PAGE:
Antiviral activity of a photoactivable natural product on coronaviruses

The emergence of the coronavirus disease 2019 (COVID-19) pandemic caused by the severe acute respiratory syndrome coronavirus 2 (SARS-CoV-2) highlighted the lack of antivirals against coronaviruses (CoVs).

Study: A photoactivable natural product with broad antiviral activity against enveloped viruses including highly pathogenic coronaviruses. Image Credit: Lightspring/ShutterstockStudy: A photoactivable natural product with broad antiviral activity against enveloped viruses including highly pathogenic coronaviruses. Image Credit: Lightspring/Shutterstock

SARS-CoV-2 is the third identified CoV against humans causing pneumonia. The first outbreak of SARS-CoV took place in 2003, followed by the outbreak of the Middle-east respiratory syndrome coronavirus (MERS-CoV) in 2012.

The efforts of the scientific community to combat COVID-19 led to the development of highly efficient vaccines that are being administered globally.

However, the emergence of various SARS-CoV-2 variants lowers the vaccine's efficacy and might make booster vaccination a necessity that is not achievable for all humans around the world.

Therefore, to curb the current pandemic and future epidemics along with effective vaccination antivirals, are required. 

Background

Before the emergence of the pandemic, no specific drug against CoV was available.

However, in vitro screening of approved drugs has led to identifying some potential antivirals that require testing on patients with COVID-19. Among them, polymerase and protease inhibitors are widely used in in vitro studies.

Coronaviruses enter inside the cell by fusion with the host cell membrane. This fusion depends upon the activity of proteases. The host cell protease TMPRSS2 is important for plasma membrane fusion of SARS-CoV-2 whale cathepsin is important for fusion at the endosomal membranes.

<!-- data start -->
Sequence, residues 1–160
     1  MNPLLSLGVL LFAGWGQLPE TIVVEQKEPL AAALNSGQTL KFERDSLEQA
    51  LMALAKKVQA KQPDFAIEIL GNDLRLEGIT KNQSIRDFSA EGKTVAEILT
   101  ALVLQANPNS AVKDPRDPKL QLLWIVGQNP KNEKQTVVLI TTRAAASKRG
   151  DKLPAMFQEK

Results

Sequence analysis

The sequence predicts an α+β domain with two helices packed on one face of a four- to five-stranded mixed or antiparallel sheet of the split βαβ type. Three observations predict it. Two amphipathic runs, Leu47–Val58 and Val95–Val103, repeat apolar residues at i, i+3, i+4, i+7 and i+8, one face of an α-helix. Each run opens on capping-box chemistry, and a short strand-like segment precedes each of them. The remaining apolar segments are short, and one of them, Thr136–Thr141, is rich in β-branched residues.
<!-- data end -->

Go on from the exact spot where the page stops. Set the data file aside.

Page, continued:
Plants are known to be a natural source of compounds with greater structural diversity than those obtained by chemical synthesis. Many compounds derived from plants have proven their antiviral activity in vitro. Some of these compounds have shown antiviral activity against SARS-CoV-2, but most of them are in silico analyses.

A new study published in Antimicrobial Agents and Chemotherapy showed that pheophorbide a (Pba) isolated from Mallotus oppositifolius (Geiseler) leaf crude extract has antiviral activity against many CoVs, including SARS-CoV-2. The study also demonstrated that Pba, an antiviral photosensitizer, directly acts on the viral particle, impairing the viral-cell fusion step.

About the study

Fifteen plants were collected for the study, which were then powdered and stored in the dark until extraction. Three solvents were used for the extraction procedure, methylene chloride, methanol, and water/thanol. Different viruses were propagated in either Vero-81, Huh-7, or Vero-E6 cells.

After that, cytotoxicity assay, micilair toxicity assays, SARS-CoV-2, HCoV-229E, and MERS-CoV inhibition assays, and time-of addition assay were carried out.

Western blotting was performed for the determination of the SARS-CoV-2 nucleocapsid expression.

Furthermore, the effect of Pba on pseudotyped virion entry was identified along with white light exposure kinetics. This was followed by fusion assay, attachment assay, and quencher assay. Finally, primary airway cell quantification was done along with IC50 and CC50 calculations.